Psycholinguistics covers the cognitive processes that make it possible to generate a grammatical and meaningful sentence out of vocabulary and grammatical structures, as well as the processes that make it possible to understand utterances, words, text, etc. Developmental psycholinguistics studies children's ability to learn language.
Linguistic anthropology is that branch of anthropology that brings linguistic methods to bear on anthropological problems, linking the analysis of semiotic and particularly linguistic forms and processes to the interpretation of sociocultural processes.
In linguistics and cognitive science, cognitive linguistics (CL) refers to the school of linguistics that understands language creation, learning, and usage as best explained by reference to human cognition in general. It is characterized by adherence to three central positions. First, it denies that there is an autonomous linguistic faculty in the mind; second, it understands grammar in terms of conceptualization; and third, it claims that knowledge of language arises out of language use. [1]
Cognitive linguists deny that the mind has any module for language-acquisition that is unique and autonomous. This stands in contrast to the work done in the field of generative grammar. Although cognitive linguists do not necessarily deny that part of the human linguistic ability is innate, they deny that it is separate from the rest of cognition. Thus, they argue that knowledge of linguistic phenomena — i.e., phonemes, morphemes, and syntax — is essentially conceptual in nature. Moreover, they argue that the storage and retrieval of linguistic data is not significantly different from the storage and retrieval of other knowledge, and use of language in understanding employs similar cognitive abilities as used in other non-linguistic tasks.
Departing from the tradition of truth-conditional semantics, cognitive linguists view meaning in terms of conceptualization. Instead of viewing meaning in terms of models of the world, they view it in terms of mental spaces.
Finally, cognitive linguistics argues that language is both embodied and situated in a specific environment. This can be considered a moderate offshoot of the Sapir-Whorf hypothesis, in that language and cognition mutually influence one another, and are both embedded in the experiences and environments of its users.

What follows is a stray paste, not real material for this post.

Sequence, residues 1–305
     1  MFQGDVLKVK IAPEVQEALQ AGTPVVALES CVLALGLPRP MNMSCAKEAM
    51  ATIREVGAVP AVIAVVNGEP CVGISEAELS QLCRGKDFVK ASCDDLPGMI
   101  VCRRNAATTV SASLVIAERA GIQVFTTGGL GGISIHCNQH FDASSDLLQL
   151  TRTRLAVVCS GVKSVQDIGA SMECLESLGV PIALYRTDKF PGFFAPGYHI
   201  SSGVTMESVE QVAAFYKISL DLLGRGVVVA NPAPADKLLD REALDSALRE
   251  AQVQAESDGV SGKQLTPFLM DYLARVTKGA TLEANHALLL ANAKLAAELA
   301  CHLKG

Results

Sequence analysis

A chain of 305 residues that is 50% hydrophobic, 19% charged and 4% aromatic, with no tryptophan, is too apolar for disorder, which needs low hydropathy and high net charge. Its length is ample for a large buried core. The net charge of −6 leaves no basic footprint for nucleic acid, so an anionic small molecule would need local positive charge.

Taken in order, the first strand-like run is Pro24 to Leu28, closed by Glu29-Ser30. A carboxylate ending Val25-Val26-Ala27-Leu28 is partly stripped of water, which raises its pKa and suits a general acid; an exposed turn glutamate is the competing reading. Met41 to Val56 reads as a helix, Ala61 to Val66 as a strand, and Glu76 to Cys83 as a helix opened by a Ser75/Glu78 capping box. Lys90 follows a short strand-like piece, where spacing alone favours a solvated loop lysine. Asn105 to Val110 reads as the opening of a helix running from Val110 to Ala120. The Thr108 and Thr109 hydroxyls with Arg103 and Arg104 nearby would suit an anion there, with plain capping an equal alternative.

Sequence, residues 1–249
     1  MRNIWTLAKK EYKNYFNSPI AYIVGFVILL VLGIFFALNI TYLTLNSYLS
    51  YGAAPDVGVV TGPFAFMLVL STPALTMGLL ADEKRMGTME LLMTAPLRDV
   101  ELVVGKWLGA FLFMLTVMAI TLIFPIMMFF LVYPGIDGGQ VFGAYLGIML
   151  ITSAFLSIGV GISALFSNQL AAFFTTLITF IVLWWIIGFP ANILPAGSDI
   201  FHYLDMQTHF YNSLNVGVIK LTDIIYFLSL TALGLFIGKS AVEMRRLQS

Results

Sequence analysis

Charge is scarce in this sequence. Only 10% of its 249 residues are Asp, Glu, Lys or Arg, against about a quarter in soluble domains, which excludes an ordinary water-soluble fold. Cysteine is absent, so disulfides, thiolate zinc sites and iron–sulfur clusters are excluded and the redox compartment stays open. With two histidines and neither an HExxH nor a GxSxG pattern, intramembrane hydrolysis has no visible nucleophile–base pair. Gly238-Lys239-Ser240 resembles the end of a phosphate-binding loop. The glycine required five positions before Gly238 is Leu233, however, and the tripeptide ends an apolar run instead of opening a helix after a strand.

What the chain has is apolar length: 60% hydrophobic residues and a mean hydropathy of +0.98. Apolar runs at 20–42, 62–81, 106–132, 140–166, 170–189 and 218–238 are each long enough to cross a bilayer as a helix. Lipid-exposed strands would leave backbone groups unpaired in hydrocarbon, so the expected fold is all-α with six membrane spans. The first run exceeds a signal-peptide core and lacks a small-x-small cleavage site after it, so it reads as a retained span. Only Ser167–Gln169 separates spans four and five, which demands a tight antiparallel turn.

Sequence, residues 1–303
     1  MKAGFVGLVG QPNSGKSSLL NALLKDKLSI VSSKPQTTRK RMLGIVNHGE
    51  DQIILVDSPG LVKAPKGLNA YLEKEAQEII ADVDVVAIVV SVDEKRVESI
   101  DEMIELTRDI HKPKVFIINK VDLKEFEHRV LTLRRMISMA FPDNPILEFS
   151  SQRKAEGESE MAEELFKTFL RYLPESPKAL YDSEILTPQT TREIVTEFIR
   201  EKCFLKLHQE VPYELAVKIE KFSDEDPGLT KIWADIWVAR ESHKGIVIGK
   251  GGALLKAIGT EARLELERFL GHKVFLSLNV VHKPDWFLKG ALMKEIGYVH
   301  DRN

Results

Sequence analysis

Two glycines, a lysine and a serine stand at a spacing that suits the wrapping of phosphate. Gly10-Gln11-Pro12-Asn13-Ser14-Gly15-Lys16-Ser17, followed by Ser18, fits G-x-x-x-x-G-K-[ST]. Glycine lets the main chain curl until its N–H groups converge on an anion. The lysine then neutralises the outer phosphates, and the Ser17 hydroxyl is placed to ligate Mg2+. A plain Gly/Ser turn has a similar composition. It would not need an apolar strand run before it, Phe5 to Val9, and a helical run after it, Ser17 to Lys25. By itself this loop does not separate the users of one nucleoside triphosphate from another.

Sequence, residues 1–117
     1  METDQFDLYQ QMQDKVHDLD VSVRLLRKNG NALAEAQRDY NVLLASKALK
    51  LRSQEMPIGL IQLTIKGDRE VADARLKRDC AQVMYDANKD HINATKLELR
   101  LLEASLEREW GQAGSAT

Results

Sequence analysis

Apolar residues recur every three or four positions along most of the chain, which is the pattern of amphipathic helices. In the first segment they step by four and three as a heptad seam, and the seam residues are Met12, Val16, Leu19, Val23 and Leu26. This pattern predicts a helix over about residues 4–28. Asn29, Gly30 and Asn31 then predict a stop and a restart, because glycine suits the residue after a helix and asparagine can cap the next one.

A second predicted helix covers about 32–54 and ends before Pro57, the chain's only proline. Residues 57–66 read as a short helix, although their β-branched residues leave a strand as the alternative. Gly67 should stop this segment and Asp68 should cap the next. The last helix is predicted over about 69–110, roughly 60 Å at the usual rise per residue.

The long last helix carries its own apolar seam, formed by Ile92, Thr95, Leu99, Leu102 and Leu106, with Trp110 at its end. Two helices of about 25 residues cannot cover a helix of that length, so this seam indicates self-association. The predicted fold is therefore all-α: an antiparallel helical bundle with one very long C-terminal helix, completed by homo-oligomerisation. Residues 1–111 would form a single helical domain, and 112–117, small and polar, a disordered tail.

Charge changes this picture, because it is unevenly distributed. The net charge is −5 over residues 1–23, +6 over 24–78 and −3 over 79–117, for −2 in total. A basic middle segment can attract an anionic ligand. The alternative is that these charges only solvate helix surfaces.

Computational linguistics is an interdisciplinary field dealing with the statistical and/or rule-based modeling of natural language from a computational perspective. This modeling is not limited to any particular field of linguistics. Traditionally, computational linguistics was usually performed by computer scientists who had specialized in the application of computers to the processing of a natural language. Computational linguists often work as members of interdisciplinary teams, including linguists (specifically trained in linguistics), language experts (persons with some level of ability in the languages relevant to a given project), and computer scientists. In general, computational linguistics draws upon the involvement of linguists, computer scientists, experts in artificial intelligence, mathematicians, logicians, cognitive scientists, cognitive psychologists, psycholinguists, anthropologists and neuroscientists, amongst others.

Stylistics is the study of varieties of language whose properties position that language in context. For example, the language of advertising, politics, religion, individual authors, etc., or the language of a period in time, all are used distinctively and belong in a particular situation. In other words, they all have ‘place’ or are said to use a particular 'style'.
Stylistics also attempts to establish principles capable of explaining the particular choices made by individuals and social groups in their use of language, such as socialisation, the production and reception of meaning, critical discourse analysis and literary criticism.
Other features of stylistics include the use of dialogue, including regional accents and people’s dialects, descriptive language, the use of grammar, such as the active voice or passive voice, the distribution of sentence lengths, the use of particular language registers, etc.
Many linguists do not like the term ‘stylistics’. The word ‘style’, itself, has several connotations that make it difficult for the term to be defined accurately. However, in Linguistic Criticism, Roger Fowler makes the point that, in non-theoretical usage, the word stylistics makes sense and is useful in referring to an enormous range of literary contexts, such as John Milton’s ‘grand style’, the ‘prose style’ of Henry James, the ‘epic’ and ‘ballad style’ of classical Greek literature, etc. (Fowler. 1996, 185). In addition, stylistics is a distinctive term that may be used to determine the connections between the form and effects within a particular variety of language. Therefore, stylistics looks at what is ‘going on’ within the language; what the linguistic associations are that the style of language reveals.